Boundaries play an important role in our mental well-being. Many of us don’t set them as often as we should because we’re afraid of disappointing people, have a fear of missing out, or feel guilty saying no. The pandemic, however, forced us to confront our struggles with boundary-setting head-on and gave many of us the motivation to start setting them. We encourage you to embrace this lesson in boundary-setting and continue to set healthy boundaries with people in your life. You can try some of these techniques to set boundaries with friends, family, neighbors, and even co-workers:
- If you feel compelled to say yes when you really want to say no, try saying “not right now…”
- Give yourself permission to limit your social activities each week – when you hit your limit, it’s okay to say no to other invitations
- Let people know how much time you have beforehand, whether it’s a phone call with your mom, a meeting with a colleague, or lunch with a friend… it’s okay to say “I’m so glad we could meet! Just an FYI, I only have 45 minutes today…”
- Try out different ways of saying no, like “No thanks, I’m good,” “Thank you, but I’m going to pass,” “I’m so sorry but I’m not able to,” or “I would love to but I can’t right now”
3 – Making Lemonade Out of Lemons
The pandemic created some really difficult situations. We had to isolate ourselves from our loved ones, cancel vacations and weddings, miss holidays with friends or family, and dramatically limit our favorite activities. As tough as it was, people also took this opportunity to get creative and really learned how to take lemons and make lemonade!
Covid taught us that life definitely doesn’t always go as planned and that skills like flexibility, the ability to go with the flow, and creative problem-solving are necessary to cope with life’s ups and downs. Here are some of the creative things people did during Covid that might be helpful to carry into the future:
- Virtual get-togethers were all the rage during the pandemic. Even though Zoom fatigue is real (and honestly, we all have it), don’t throw it out completely. You can still use virtual gatherings to stay connected with loved ones near and far.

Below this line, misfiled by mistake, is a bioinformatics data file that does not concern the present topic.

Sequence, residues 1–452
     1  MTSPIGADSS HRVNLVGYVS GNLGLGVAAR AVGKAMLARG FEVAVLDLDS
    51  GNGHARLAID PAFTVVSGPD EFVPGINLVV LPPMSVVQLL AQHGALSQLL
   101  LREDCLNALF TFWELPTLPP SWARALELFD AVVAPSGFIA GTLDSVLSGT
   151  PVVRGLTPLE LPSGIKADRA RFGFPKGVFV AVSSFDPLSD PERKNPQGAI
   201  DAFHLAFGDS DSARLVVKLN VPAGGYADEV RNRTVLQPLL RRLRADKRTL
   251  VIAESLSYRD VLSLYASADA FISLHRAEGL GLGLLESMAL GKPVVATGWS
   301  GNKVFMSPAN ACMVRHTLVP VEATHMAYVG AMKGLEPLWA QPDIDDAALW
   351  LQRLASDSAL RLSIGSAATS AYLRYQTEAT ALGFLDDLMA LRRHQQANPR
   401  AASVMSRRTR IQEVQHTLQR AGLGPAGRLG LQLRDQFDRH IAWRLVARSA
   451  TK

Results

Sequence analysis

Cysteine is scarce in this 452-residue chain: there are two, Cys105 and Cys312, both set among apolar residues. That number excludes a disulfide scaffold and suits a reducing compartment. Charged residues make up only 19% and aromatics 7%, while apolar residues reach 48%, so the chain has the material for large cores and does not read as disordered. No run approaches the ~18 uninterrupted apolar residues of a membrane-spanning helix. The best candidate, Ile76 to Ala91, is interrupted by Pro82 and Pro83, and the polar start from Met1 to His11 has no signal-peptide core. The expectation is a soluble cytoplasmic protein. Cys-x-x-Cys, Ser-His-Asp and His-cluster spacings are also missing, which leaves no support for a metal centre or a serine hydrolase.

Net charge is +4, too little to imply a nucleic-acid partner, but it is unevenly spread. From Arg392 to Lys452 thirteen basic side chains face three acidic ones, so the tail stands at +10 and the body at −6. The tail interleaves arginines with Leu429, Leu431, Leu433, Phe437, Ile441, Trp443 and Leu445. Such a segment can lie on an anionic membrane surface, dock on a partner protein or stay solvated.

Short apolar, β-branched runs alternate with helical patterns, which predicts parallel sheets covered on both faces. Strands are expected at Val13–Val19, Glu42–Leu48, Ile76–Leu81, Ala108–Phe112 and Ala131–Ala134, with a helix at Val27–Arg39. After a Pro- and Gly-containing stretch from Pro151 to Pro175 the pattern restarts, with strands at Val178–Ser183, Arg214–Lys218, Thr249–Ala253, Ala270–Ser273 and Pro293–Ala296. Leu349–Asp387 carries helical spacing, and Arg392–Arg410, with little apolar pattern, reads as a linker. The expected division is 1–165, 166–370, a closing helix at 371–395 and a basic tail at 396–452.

- Working from home is common now. Work environments have a lot more flexibility than they did before Covid, especially around working virtually. Your company might not let you do it 5 days a week now, but you can always ask and see if it’s something you can take advantage of every once in a while.
- Tapping into your creative outlet. Whether it was cooking, painting, learning a new language, or taking virtual music lessons, people passed the time by connecting with their creative side. Creativity actually sparks brain activity and helps boost your energy, so it’s definitely something that will benefit you as you move on.
You Can Create Your New “New Normal”
Covid changed everything and now it’s time to be intentional and deliberate as life changes back. You get to decide exactly what you want your life to look like now – what you want to focus on, where you want to put your energy, and how you want to spend your time. As you get ready to dip your toe (or dive) back into the life you had before Covid, we encourage you to reflect on these 3 lessons. Also reflect on other lessons that you learned during the crisis, and think about how you will carry them with you into your future. And if you need some extra support to help you with it, reach out and schedule an appointment with a Counseling Works therapist. We’re in this with you and are here to help.